East opened One Heart, South contented himself with a simple overcall of One Spade, and West passed. North raised to Three Spades and, although this was pre-emptive in intent, South felt that he had enough to go on to game. West led the four of hearts against Four Spades, East won with the king, and South dropped the queen.
It was clear to East that his partner's lead was a singleton so, to demonstrate his contempt for South's feeble false-card, he cashed the ace of hearts and continued with a third heart. Declarer ruffed high, drew trumps in two rounds ending in dummy, and cashed the jack of hearts, throwing a club. Next came the singleton diamond from the table and East's ace of diamonds was the last trick for the defence.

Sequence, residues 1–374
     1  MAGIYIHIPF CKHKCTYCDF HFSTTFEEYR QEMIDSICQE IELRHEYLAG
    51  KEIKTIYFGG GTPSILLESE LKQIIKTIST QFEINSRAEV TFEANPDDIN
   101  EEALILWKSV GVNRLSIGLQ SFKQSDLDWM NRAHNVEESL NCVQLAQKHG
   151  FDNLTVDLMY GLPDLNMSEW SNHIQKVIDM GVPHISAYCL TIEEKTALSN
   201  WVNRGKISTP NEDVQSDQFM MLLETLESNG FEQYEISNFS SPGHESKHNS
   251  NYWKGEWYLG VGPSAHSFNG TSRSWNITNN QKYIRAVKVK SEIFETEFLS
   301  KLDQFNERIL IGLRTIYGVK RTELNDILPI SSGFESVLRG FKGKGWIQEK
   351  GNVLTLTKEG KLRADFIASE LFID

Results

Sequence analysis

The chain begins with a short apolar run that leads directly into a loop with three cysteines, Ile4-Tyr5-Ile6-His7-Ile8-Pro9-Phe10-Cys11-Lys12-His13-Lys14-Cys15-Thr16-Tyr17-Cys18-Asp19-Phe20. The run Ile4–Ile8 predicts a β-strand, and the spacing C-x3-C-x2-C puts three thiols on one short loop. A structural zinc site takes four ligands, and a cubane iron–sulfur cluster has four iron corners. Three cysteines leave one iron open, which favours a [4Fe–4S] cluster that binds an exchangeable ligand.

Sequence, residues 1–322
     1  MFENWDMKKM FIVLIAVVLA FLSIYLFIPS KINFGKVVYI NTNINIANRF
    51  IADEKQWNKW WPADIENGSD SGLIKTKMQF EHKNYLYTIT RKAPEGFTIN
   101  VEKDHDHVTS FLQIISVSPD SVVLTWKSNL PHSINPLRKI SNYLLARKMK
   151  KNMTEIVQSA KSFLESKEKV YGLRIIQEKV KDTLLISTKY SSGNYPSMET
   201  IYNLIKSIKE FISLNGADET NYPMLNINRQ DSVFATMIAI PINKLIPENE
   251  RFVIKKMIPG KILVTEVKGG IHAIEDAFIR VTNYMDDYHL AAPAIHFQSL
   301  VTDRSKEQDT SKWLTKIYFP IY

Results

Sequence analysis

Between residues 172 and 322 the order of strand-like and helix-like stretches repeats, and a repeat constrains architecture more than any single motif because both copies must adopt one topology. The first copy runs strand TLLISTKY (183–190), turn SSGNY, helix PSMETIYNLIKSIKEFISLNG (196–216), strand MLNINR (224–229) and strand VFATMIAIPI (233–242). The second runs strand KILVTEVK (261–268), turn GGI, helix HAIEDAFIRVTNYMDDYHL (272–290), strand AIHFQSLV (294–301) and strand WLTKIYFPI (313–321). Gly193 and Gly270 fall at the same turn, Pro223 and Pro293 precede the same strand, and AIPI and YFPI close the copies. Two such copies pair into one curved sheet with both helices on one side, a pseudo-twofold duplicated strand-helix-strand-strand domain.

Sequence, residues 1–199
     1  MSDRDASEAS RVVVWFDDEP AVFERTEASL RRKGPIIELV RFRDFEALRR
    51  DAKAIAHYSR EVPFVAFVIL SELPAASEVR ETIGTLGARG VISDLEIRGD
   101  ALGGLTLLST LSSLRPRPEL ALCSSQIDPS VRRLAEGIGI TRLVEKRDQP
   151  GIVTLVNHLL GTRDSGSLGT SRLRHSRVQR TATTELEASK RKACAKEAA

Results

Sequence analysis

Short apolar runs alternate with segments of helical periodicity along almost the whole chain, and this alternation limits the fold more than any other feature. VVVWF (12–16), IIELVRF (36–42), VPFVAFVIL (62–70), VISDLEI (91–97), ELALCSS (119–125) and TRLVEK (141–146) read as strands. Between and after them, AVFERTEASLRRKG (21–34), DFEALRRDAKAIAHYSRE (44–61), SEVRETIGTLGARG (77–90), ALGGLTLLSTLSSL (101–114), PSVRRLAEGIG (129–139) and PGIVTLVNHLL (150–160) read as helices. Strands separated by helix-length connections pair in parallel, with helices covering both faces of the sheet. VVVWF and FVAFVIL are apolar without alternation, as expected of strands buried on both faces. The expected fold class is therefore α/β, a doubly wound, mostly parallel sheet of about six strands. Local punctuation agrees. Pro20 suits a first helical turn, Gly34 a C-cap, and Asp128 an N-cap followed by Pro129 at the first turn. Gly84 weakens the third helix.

East should have used his knowledge of the heart position to better advantage. He must lead the nine of hearts at trick 2, not the ace. West ruffs as expected and, taking the nine of hearts as a suit preference signal, puts East in again with the ace of diamonds. Another low heart lead forces declarer to ruff high. As East's ace of hearts is still intact, South gets no discards on the hearts and has to lose a club, two hearts and a diamond.Reuse content